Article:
Trigger Warning Gun Club Founded In Response To Increasing Anti-Gay Sentiments
LGBTQ people in Rochester, New York have banned together to learn how to shoot guns together.
Trigger Warning Queer & Trans Gun Club was founded last year due to the need for protection against the increasingly bold Alt-Right and Neo-Nazis. So far, there are 18 members, who are all LGBTQ and paying regular dues.
Members meet once a month to shoot still targets and clay pigeons, and to learn how to properly wield, shoot, and take care of guns.
The group’s mission is to educate themselves on how to stay protected and armed in case the country goes badly (or maybe just if it gets worse).
“It’s a way to assert our strength,’ says 27-year-old Jake Allen to the NYDailyNews, who helped create the group. ‘Often, queer people are thought of as being weak, as being defenseless, and I think in many ways this pushes back against that. And I want white supremacists and neo-Nazis to know that queer people are taking steps necessary to protect themselves.”
The group’s official Facebook page also shares the idea that they have formed together after facing tough adversity such as hate crimes, housing discrimination, homelessness, rape, suicide attempts, rejection from families, and more.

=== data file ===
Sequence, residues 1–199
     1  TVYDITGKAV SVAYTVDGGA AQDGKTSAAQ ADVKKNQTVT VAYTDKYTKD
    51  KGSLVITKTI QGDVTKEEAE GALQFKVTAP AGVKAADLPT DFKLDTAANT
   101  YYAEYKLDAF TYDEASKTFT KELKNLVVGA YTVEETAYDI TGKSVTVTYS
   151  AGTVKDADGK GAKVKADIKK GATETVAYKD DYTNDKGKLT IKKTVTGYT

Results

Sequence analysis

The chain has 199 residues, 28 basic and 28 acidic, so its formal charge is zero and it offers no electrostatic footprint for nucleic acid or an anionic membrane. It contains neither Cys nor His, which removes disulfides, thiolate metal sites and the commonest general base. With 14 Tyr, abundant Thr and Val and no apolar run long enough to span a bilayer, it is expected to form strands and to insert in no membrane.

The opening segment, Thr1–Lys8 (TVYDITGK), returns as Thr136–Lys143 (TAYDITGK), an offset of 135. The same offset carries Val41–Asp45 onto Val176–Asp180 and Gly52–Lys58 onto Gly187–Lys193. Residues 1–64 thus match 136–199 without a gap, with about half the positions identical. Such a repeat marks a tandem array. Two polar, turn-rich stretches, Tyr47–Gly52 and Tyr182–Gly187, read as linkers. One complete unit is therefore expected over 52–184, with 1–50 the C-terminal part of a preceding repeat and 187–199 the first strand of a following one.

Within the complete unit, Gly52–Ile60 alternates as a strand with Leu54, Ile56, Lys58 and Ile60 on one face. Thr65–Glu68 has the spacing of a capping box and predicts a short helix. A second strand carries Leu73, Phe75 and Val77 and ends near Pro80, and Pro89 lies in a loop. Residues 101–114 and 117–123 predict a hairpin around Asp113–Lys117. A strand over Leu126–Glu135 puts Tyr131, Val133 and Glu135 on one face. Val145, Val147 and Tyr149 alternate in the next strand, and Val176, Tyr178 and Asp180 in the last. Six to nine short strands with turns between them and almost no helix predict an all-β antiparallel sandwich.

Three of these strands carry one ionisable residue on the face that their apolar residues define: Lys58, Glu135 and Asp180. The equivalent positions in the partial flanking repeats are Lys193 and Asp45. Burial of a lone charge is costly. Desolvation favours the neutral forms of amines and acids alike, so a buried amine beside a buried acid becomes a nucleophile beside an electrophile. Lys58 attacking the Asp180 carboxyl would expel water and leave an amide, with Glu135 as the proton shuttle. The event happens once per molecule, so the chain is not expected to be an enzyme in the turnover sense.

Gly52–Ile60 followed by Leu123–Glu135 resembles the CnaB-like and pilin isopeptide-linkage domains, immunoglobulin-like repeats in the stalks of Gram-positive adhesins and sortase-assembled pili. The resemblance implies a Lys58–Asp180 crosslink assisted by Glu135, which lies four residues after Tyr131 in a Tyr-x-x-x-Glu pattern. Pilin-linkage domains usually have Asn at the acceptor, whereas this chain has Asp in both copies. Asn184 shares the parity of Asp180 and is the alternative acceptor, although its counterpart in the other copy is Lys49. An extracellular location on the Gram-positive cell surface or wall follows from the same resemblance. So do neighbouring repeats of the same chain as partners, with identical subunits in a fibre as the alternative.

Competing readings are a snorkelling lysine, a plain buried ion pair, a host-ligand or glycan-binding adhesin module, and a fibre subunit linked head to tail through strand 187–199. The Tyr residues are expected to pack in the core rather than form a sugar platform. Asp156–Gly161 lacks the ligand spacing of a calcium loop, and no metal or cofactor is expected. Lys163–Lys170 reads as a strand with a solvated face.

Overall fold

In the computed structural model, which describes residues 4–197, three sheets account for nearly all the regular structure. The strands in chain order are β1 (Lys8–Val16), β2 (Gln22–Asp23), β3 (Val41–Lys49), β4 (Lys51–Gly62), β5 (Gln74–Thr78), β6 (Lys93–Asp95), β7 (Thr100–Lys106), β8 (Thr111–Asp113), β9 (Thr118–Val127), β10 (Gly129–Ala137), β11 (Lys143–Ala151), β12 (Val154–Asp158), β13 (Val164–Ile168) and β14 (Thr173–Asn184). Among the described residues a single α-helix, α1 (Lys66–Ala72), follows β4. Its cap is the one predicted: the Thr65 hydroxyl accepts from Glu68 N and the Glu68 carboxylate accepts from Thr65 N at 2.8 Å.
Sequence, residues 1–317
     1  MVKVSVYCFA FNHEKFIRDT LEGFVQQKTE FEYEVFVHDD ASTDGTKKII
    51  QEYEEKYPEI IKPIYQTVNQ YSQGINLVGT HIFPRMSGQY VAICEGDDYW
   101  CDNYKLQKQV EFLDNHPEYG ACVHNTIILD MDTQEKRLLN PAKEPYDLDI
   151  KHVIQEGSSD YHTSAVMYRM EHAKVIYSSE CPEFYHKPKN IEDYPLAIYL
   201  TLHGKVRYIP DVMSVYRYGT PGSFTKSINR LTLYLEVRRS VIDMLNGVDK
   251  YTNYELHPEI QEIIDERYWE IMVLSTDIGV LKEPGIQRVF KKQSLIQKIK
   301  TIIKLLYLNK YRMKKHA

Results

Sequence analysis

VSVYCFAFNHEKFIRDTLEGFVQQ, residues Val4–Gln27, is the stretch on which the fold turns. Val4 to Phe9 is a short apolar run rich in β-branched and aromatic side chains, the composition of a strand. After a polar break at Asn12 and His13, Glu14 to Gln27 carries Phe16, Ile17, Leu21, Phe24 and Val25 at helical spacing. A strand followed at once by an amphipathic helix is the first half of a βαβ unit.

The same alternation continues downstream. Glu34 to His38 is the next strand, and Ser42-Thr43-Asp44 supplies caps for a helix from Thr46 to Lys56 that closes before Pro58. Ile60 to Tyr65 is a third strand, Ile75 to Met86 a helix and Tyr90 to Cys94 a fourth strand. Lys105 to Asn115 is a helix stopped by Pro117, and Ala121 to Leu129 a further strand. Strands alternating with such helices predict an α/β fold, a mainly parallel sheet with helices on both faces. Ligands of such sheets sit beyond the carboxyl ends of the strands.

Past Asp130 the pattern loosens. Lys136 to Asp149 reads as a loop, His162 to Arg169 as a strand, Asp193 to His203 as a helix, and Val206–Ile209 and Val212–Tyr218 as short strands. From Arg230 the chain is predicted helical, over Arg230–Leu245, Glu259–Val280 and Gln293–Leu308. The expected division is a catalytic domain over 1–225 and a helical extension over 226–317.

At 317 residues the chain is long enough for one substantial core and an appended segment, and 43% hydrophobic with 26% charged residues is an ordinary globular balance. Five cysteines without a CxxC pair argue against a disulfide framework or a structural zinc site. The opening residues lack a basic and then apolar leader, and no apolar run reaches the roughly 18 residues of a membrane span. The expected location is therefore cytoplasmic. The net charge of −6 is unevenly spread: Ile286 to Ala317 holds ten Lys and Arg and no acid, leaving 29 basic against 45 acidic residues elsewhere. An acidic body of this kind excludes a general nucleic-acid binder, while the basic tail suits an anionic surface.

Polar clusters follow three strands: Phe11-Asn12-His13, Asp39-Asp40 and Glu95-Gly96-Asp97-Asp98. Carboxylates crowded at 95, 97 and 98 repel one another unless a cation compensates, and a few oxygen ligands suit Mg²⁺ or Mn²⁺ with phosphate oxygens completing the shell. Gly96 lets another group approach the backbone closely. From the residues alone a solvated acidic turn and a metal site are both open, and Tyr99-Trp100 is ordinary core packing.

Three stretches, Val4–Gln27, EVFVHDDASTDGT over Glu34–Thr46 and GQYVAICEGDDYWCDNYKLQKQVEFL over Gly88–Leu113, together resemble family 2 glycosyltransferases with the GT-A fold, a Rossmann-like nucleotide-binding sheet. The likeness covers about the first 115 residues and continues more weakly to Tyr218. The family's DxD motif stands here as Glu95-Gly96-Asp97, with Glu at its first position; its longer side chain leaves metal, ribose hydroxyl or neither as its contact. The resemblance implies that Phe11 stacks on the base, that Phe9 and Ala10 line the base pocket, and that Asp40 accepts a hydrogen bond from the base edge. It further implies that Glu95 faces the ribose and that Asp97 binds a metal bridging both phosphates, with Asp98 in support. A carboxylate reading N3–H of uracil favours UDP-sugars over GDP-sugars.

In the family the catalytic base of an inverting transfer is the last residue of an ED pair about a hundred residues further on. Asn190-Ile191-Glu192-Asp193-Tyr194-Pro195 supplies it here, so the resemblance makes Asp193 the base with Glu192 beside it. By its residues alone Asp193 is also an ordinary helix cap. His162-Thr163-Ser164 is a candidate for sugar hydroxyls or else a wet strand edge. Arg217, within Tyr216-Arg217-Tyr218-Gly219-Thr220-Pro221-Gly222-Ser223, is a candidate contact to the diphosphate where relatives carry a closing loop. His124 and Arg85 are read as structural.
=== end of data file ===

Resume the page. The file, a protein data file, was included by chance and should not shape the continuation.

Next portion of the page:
But, it’s through those struggles that they draw the power to press on.
“The things that have triggered us in the past have brought us together and inspired us to organize.” As stated on the Facebook pate, “The ways that we have been harmed have caused us to heal stronger than we were before. The structures of heteronormativity, racial privilege, sexual privilege, and class privilege have tried to break us. The current regime is attempting to formalize our destruction under the guise of religious freedom, but they will not succeed.”
While the group is only looking for local members, there is another Trigger Warning Chapter in the Atlanta area. Plus, people in at least ten other cities have expressed interest in starting up their own chapter.
In addition, a similar group in Pittsburgh called the Pink Pistols has noted an increase in membership after both the 2016 election and the Charlottesville rally.